Google Busted: forced changes likely coming

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Google Busted: forced changes likely coming
This Thursday, Jan. 3, 2013, photo shows a Google sign at the company's headquarters in Mountain View, Calif. Google is pledging to license hundreds of key patents to mobile computing rivals under more reasonable terms and to curb the use of snippets from other websites in Internet search results in a settlement that ends a high-profile antitrust probe. (AP Photo/Marcio Jose Sanchez)

The European Union (EU) may force Google to make changes to how search results are displayed. The competition commissioner Joaquin Almunia has indicated that the popular search engine may be violating antitrust rules because it is diverting traffic. Almunia has explained that he is still examining the issue, but there is a strong chance Google may be in trouble.

Joaquin Almunia is convinced that there is clear evidence of abuse by the search engine. The European Union has previously given Google a chance to explain its search results and prove that traffic was not being diverted to make the company money. The EU has spent more than two years examining the company’s actions.

“Almunia and the EU have been careful about how they phrase their requests to Google. They are not asking for sensitive algorithm information that they know the company cannot reveal. Instead, they want proof that its rivals were not being hurt by search results deliberately. Meanwhile, Google claims that it is working with officials to reach a solution.

“Google recently breathed a sigh of relief after U.S. lawmakers decided the company did not violate any antitrust laws. However, the European Union is far from satisfied at this point. The EU may force the company to change the way it displays search results in Europe. It is not clear how this will affects users in other countries.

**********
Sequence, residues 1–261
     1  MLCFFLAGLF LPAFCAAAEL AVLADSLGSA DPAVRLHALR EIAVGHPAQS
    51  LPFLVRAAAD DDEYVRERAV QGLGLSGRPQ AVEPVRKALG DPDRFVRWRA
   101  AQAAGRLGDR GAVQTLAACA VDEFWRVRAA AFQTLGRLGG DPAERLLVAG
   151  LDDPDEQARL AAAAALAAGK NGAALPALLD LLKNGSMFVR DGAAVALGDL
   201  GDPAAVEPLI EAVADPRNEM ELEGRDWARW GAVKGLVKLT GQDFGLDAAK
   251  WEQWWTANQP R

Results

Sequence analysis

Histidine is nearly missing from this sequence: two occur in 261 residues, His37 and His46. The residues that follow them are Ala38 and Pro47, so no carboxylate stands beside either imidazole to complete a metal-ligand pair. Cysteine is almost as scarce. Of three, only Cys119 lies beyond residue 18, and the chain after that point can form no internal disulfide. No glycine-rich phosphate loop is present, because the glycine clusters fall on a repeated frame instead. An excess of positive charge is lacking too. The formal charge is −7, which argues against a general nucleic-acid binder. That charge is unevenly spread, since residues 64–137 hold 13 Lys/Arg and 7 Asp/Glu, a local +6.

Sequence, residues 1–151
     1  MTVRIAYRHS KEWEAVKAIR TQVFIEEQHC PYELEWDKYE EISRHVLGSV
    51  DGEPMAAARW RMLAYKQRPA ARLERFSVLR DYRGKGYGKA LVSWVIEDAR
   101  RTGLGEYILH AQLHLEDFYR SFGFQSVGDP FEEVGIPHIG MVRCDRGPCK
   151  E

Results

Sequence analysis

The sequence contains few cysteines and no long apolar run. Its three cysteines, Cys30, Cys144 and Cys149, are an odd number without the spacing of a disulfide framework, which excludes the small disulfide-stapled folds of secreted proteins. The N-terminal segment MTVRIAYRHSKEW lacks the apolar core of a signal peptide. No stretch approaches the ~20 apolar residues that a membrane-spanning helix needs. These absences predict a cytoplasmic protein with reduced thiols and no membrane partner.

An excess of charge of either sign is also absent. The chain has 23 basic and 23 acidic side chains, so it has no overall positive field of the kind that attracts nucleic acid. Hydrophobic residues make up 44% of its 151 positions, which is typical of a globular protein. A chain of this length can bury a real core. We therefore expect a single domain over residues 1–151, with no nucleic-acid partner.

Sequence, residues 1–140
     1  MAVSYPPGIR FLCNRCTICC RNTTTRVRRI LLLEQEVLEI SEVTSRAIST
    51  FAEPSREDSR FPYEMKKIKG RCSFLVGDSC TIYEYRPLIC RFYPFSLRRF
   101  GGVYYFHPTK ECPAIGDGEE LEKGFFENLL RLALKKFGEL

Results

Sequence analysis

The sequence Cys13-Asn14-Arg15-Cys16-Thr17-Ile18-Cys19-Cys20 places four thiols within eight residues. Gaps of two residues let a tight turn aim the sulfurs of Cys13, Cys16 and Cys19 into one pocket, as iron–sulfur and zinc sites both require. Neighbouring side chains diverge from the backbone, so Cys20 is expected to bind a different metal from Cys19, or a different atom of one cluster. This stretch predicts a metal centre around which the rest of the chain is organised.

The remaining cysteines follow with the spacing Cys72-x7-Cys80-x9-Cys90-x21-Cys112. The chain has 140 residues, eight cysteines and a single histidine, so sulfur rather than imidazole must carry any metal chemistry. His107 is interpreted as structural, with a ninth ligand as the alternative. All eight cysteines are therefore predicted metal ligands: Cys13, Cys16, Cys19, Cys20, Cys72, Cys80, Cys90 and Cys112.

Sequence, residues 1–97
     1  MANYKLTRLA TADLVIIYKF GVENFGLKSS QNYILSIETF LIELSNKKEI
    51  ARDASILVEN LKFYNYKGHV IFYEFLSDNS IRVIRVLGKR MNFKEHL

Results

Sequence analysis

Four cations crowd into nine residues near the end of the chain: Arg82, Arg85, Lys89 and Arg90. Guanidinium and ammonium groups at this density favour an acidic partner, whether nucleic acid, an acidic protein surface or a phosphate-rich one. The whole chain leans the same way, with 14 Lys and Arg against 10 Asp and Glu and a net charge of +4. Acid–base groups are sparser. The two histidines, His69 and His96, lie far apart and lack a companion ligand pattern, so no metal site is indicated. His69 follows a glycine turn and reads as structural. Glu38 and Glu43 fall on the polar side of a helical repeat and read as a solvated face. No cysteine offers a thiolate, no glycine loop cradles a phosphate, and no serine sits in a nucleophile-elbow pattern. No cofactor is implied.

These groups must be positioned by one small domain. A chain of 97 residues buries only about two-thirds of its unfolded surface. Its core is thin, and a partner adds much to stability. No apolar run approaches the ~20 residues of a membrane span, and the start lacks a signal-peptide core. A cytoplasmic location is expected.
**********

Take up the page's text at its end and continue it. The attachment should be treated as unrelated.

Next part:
“The EU has previously mentioned that Google may be forced to make its own services stand out better in search results. Will this mean a new color-coded system will be introduced? Could giant labels decorate search pages in the future? Since the European Union and Google are still in the process of working together toward a solution, it is not clear how the results will change. However, analysts believe that the EU will not be easy to please like the FTC in the United States.

“Google is also facing the problem of being forced to pay a substantial fine. It could pay up to $3.79 billion and still have to make significant changes to its search results in Europe. However, the European Union is not Google’s only problem. Foundem, a small company in the United Kingdom, has decided to sue Google because of its “anticompetitive nature.” Foundem lets users search and compare prices in a shopping setting and believes that Google is violating antitrust laws. The company wants Google to pay for damages.



 

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